We do things a little differently here in Alaska

They’re sweeping up the confetti and balloons in Charlotte and Tampa. With the national political conventions done, it’s on the campaign for the general election in November.

 

What that means is that over the next two months, the rhetoric is going to be ratcheted up, and things are likely to become more and more rancorous as Nov. 6 approaches.

Here in Alaska, we’ve always prided ourselves on doing things a little different than they do it elsewhere. We got a small taste of how partisan presidential politics work in the Lower 48 when our former governor was picked as a vice presidential running mate, and it wasn’t pretty. A “truth squad” set up camp with the mission of smearing any opposition — truth having little to do with it at all.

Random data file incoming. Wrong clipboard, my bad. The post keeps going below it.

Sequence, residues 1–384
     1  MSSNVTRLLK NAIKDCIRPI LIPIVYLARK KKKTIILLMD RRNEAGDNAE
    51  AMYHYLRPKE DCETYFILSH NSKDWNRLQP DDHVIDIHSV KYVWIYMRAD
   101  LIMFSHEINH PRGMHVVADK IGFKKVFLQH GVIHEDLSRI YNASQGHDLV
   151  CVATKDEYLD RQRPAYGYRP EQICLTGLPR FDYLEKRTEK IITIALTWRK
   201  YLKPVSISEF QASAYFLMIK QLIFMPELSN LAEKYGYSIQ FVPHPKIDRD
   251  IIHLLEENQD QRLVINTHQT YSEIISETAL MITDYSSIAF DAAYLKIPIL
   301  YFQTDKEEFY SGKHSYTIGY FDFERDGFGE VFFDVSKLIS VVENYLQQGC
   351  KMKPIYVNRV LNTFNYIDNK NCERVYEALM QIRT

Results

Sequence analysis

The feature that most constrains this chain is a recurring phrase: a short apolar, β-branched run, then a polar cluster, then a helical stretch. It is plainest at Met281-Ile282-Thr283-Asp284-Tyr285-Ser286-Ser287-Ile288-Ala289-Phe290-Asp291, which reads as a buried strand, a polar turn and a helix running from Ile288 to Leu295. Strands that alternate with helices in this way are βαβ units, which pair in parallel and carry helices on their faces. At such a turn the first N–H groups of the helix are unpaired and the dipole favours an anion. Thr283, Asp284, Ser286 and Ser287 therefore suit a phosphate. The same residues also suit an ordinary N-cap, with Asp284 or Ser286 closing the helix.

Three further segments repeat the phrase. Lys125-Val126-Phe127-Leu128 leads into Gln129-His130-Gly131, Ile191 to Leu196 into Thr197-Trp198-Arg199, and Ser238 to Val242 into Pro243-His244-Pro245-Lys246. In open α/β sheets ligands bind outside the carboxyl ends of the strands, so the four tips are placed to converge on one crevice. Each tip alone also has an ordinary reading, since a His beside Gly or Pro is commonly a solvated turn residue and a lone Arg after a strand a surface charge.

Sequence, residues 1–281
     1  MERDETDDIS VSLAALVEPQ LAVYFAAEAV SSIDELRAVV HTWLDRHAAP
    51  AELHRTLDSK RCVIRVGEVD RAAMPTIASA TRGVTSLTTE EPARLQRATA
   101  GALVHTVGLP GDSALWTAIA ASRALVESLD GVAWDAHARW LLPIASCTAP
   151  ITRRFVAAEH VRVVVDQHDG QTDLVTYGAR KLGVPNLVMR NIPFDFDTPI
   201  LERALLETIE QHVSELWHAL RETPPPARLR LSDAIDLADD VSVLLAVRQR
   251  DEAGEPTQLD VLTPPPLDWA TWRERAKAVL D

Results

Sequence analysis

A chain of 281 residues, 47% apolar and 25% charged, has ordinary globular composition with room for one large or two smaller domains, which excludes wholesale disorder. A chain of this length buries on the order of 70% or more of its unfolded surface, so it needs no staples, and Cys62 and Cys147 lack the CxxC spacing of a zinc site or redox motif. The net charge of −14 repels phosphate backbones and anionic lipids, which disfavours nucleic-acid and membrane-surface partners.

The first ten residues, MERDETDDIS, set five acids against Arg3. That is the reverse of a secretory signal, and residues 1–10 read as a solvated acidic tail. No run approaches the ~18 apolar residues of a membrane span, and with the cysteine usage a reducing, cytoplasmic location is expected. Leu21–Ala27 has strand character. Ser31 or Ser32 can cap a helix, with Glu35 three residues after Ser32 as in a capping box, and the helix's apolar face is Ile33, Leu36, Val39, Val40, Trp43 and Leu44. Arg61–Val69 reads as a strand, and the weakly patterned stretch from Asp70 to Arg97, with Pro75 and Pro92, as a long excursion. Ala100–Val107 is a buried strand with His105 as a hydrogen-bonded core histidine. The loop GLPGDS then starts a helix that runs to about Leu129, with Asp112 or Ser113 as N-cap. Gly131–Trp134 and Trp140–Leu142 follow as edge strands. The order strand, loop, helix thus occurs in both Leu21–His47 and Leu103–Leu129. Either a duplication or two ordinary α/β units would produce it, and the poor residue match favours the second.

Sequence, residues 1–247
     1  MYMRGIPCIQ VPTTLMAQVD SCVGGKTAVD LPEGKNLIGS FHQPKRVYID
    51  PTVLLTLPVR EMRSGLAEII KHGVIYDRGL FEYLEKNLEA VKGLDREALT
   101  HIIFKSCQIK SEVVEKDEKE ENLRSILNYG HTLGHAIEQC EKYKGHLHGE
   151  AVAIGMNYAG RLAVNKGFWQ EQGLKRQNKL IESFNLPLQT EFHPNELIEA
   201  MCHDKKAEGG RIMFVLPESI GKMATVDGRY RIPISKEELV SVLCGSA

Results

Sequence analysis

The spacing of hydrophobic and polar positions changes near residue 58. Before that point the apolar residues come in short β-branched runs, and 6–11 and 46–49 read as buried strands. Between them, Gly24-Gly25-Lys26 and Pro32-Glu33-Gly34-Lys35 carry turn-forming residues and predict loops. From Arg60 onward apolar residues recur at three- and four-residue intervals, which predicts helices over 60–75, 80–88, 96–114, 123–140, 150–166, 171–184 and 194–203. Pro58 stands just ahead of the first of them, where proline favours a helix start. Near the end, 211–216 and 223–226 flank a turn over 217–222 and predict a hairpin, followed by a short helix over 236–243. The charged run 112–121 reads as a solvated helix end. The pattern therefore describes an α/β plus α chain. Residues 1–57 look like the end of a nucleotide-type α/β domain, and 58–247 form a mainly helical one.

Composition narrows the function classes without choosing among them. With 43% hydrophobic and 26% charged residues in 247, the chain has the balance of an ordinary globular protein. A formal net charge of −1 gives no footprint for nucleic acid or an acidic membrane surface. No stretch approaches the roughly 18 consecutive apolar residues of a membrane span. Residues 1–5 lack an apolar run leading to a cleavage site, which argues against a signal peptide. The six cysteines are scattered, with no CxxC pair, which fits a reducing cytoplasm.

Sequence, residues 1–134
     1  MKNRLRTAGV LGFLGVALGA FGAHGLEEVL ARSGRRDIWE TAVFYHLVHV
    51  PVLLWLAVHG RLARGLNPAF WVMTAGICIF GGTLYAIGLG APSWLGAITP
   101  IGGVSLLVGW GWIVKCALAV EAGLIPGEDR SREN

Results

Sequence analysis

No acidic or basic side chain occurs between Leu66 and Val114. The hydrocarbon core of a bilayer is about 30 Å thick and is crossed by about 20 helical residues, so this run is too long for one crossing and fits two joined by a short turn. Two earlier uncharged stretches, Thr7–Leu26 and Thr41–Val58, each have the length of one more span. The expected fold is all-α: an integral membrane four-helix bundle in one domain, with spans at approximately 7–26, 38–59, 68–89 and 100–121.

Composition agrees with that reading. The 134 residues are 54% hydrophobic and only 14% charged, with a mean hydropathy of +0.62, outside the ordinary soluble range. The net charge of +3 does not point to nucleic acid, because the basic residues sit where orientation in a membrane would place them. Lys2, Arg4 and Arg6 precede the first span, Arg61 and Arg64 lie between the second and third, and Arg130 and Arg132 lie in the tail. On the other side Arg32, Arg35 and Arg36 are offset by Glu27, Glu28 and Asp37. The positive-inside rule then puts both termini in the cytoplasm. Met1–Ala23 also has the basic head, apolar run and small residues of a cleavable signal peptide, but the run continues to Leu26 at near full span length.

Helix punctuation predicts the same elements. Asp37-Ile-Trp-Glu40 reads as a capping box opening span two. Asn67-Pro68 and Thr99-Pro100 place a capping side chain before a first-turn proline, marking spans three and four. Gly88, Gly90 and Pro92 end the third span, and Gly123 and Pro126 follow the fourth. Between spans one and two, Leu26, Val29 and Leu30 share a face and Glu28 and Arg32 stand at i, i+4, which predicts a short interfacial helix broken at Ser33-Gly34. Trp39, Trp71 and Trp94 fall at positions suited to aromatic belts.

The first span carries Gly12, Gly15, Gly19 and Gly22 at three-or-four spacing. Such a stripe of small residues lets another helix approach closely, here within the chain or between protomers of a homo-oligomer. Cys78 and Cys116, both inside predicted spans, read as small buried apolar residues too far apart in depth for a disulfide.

Certainly, our state has become a little more partisan over the past few election cycles, but Alaskans, for the most part, remain politically independent. The majority of Alaska voters remain unaffiliated with any political party. We expect our elected officials to represent Alaska’s interests — working across party lines where it benefits our state. Indeed, all three members of our congressional delegation emphasize their ability to work with colleagues on the other side of the aisle.

And that’s not to say we don’t have our disagreements. But even last year, when our Legislature found itself stymied on several controversial topics, the arguments were over policy and political philosophy, and, for the most part, not personal.

Perhaps we’re painting too rosy a picture of Alaska politics, but our point is this: When it comes to participating in the democratic process, there is plenty of room for reasonable people to engage in informed debate, without resorting to name-calling, stretching the truth or other nastiness. While people may behave that way elsewhere, as big as our state is, Alaska is just too small a place for it.

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